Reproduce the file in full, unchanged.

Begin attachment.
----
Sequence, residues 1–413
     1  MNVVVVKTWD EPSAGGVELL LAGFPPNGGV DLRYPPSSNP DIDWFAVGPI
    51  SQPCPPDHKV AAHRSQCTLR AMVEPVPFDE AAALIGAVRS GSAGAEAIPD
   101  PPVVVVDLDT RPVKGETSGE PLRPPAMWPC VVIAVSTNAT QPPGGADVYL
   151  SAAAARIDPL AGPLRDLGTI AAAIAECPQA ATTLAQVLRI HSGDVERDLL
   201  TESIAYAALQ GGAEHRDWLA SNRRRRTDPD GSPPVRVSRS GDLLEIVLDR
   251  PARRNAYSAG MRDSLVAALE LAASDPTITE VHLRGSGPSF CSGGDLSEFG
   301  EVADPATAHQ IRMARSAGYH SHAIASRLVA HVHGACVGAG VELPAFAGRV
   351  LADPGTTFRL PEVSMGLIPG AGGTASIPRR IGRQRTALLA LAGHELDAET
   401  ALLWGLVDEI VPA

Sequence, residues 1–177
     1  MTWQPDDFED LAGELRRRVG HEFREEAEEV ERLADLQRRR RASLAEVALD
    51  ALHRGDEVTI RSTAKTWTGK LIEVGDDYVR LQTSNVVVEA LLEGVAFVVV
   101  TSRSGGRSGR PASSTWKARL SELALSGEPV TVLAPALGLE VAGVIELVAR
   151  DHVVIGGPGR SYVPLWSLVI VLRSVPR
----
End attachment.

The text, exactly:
Sequence, residues 1–413
     1  MNVVVVKTWD EPSAGGVELL LAGFPPNGGV DLRYPPSSNP DIDWFAVGPI
    51  SQPCPPDHKV AAHRSQCTLR AMVEPVPFDE AAALIGAVRS GSAGAEAIPD
   101  PPVVVVDLDT RPVKGETSGE PLRPPAMWPC VVIAVSTNAT QPPGGADVYL
   151  SAAAARIDPL AGPLRDLGTI AAAIAECPQA ATTLAQVLRI HSGDVERDLL
   201  TESIAYAALQ GGAEHRDWLA SNRRRRTDPD GSPPVRVSRS GDLLEIVLDR
   251  PARRNAYSAG MRDSLVAALE LAASDPTITE VHLRGSGPSF CSGGDLSEFG
   301  EVADPATAHQ IRMARSAGYH SHAIASRLVA HVHGACVGAG VELPAFAGRV
   351  LADPGTTFRL PEVSMGLIPG AGGTASIPRR IGRQRTALLA LAGHELDAET
   401  ALLWGLVDEI VPA

Sequence, residues 1–177
     1  MTWQPDDFED LAGELRRRVG HEFREEAEEV ERLADLQRRR RASLAEVALD
    51  ALHRGDEVTI RSTAKTWTGK LIEVGDDYVR LQTSNVVVEA LLEGVAFVVV
   101  TSRSGGRSGR PASSTWKARL SELALSGEPV TVLAPALGLE VAGVIELVAR
   151  DHVVIGGPGR SYVPLWSLVI VLRSVPR